I’ve blogged before about BNZ’s stupid Netguard Card – which has codes on it to allow you to login to your bank account. Perish the thought that you are travelling when the new one is issued, or that you lose it without first taking a photograph and placing it on your blog or Flickr.
BNZ updates the card every year – and that’s where we can start figuring out how much it costs.
They use cards from Entrust, a company that entertainingly does not even own entrust.co.nz. (pretty trustworthy huh) There is, however, a pricelist on their site, and they are quoting US$8.26 per user for a yearly process for 10,000 cards.
They are quick to point out the savings of the card versus the alternative of a Token:
That’s based on 10,000 users, but we can change the number of users – so let’s choose 800,000 – my guess to the number of active BNZ customers.
That’s not so bad – at all. Indeed even with recent exchange rates and a healthy “Where the heck is New Zealand?” margin, these things are probably coming in at NZ$4-5 dollars each. That’s still $4-5 that I’d rather have in my account however.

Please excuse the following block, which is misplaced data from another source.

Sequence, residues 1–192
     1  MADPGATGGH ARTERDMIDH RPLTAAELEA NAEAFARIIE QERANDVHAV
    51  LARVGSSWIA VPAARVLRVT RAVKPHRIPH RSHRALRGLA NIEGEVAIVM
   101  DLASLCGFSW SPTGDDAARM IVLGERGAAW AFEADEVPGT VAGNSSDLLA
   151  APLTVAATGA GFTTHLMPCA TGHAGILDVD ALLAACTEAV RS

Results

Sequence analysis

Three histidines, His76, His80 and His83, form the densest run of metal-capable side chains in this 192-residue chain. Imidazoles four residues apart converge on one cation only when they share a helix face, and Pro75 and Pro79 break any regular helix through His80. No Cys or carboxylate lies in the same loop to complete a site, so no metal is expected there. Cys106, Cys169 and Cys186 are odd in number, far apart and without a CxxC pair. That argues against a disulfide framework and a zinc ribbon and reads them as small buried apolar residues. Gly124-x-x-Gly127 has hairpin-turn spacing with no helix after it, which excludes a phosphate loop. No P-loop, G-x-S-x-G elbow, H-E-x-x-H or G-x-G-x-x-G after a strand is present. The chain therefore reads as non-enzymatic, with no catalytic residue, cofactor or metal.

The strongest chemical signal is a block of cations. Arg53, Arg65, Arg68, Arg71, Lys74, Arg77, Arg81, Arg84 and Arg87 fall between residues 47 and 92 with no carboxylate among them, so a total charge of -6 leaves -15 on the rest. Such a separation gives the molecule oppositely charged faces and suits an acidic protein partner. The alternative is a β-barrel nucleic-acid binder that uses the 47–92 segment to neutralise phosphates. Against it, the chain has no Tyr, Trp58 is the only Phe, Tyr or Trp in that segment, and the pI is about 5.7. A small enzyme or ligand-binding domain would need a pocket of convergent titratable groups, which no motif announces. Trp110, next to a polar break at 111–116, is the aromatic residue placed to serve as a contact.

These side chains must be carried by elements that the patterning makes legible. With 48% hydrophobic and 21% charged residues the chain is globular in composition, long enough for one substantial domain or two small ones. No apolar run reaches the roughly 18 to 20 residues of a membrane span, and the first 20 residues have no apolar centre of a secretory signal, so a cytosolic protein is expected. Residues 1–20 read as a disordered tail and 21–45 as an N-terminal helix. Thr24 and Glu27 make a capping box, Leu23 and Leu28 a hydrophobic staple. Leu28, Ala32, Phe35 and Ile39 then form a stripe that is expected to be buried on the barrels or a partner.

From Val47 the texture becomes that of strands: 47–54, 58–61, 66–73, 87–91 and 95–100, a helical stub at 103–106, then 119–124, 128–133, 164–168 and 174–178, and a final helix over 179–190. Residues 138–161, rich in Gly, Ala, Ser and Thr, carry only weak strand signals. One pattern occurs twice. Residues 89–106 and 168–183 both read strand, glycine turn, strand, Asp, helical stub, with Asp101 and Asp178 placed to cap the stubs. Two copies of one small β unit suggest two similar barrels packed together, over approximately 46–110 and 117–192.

The comparison for 80,000 users looks pretty bad for those tokens though – banks that use them would pay an extra US$23m.
So as I understand it BNZ is now obliged to use some sort of additional security check, and so choosing the Netguard Card is the least bad alternative. It’s cheap, fits in my wallet, and can be photographed and stored digitally.
I’d still prefer the option of nothing though.
The Kiwibank option actually works OK. It just required you to enter a couple of characters of a ‘secret’ word of your choosing (you have to give them 3 from memory). The trick is that make you select it with a mouse as opposed to the keyboard to stop key loggers.
You would hope that nobody else copies your card, then returns it to your wallet before you notice it missing.
Stuart – they would still need to know my login number and password.
However the login number is written on the credit card, so, yes, any theft of your wallet will result in the loss of two of the three security items. It’s security theater.